At the heart of Chef is the chef client which is the engine that does all the heavy lifting. You can compare it a bit with the Local Configuration Manager when talking about DSC. Normally it will operate in conjunction with a chef server implementation which you can view as the DSC Pull Server or Azure Automation DSC. From first look the chef server is a nice and rich manageable solution. There is also the hosted chef solution which is a PaaS offering with most of the functionality of chef server without the hassle of maintaining infrastructure and such.

When comparing with DSC we have found relations with the staging (chef server) and enacting / reporting (chef client) phase. What about the authoring? Authoring, as with DSC, is the process of manipulating text files to declare the end state of a node. In the case of chef it’s done in ruby. Chef provides what is known as the ChefDK which is a toolset to help you out with authoring, staging, bootstrapping (have a chef-client installed on a remote node and have it register with a chef server in one go) and so on. At the hard of the ChefDK is a tool called knife which will become familiar to you very quickly.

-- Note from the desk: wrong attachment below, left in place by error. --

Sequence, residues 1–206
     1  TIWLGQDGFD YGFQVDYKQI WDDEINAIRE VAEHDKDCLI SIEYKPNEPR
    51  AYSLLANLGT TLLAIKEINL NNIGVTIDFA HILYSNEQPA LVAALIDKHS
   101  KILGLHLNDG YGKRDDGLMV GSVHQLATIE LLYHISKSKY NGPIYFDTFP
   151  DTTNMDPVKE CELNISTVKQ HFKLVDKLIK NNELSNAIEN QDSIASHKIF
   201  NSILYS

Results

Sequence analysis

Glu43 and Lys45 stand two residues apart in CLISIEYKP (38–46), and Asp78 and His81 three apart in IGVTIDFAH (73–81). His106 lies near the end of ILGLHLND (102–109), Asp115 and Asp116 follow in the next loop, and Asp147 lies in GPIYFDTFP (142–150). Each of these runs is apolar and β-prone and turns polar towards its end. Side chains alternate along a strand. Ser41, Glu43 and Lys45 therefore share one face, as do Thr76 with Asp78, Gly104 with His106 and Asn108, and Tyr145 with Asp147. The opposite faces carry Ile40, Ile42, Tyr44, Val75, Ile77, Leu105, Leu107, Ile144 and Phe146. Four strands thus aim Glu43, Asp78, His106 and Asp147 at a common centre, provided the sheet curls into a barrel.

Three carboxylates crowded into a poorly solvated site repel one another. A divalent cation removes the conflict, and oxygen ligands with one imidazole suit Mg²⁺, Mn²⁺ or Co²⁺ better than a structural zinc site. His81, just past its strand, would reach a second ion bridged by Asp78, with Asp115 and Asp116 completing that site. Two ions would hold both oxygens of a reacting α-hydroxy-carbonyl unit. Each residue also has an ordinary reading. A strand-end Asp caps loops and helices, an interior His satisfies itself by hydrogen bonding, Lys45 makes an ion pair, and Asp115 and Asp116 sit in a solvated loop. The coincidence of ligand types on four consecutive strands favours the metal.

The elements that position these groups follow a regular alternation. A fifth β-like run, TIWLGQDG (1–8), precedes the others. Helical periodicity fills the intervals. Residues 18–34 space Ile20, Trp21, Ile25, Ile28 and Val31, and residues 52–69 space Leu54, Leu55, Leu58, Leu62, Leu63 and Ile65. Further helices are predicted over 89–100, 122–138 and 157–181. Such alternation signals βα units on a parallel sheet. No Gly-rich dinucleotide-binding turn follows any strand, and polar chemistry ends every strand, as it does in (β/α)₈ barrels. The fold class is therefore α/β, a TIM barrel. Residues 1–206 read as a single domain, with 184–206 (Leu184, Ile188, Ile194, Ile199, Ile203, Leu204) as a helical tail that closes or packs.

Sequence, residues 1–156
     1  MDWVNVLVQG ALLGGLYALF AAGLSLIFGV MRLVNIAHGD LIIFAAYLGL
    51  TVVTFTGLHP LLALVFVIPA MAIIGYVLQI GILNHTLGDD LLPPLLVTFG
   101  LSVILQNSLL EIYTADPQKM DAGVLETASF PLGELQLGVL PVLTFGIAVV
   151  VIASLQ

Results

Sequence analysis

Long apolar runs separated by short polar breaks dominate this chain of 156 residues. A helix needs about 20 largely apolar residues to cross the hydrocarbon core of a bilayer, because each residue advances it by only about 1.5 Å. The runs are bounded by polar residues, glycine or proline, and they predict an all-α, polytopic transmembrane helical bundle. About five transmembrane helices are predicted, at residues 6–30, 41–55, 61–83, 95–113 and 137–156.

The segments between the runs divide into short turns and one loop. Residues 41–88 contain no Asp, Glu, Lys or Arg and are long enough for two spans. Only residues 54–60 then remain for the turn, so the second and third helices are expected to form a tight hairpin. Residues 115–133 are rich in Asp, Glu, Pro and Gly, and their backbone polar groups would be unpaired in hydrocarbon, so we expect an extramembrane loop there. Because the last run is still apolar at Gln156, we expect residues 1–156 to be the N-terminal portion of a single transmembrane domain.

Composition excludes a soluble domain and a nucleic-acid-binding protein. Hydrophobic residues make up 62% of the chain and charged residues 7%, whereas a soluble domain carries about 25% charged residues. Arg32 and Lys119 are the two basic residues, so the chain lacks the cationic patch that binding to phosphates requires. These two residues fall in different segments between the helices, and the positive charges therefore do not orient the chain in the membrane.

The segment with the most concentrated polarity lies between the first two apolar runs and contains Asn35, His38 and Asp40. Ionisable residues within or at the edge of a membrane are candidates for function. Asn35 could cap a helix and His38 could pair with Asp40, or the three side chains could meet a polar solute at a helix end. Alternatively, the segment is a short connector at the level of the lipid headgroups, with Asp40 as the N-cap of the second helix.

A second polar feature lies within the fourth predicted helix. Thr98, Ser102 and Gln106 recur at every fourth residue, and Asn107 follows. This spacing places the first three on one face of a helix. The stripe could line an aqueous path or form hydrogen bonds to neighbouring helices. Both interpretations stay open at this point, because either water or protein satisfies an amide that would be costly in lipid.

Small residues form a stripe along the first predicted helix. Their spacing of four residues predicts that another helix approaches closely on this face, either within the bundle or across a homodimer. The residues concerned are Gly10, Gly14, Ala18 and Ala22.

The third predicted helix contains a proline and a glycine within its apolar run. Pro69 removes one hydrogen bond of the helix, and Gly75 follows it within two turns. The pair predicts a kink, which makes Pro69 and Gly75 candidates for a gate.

Deploy Azure VM using Azure CLI 2.0

After some investigation I found out that it is possible to work with chef-client in a local mode (for testing purposes) so there won’t be a need to setup chef server / hosted chef immediately. Let’s deploy a Windows Server 2016 Core machine to Azure using the Azure CLI 2.0 (I haven’t played with it before but it’s nice to explore right!). For instructions on how to install it see (I’m running it in WSL). For instruction on how to get started with it see